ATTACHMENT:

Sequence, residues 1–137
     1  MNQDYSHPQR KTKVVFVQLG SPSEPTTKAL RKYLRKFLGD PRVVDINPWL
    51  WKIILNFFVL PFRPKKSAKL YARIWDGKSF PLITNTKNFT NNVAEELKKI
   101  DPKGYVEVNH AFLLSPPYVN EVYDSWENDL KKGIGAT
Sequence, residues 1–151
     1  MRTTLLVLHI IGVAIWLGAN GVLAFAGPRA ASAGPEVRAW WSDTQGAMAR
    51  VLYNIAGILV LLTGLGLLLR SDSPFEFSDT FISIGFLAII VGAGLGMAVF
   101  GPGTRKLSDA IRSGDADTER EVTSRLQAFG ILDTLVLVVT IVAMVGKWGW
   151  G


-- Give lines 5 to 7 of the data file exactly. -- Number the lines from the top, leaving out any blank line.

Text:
Sequence, residues 1–151
     1  MRTTLLVLHI IGVAIWLGAN GVLAFAGPRA ASAGPEVRAW WSDTQGAMAR
    51  VLYNIAGILV LLTGLGLLLR SDSPFEFSDT FISIGFLAII VGAGLGMAVF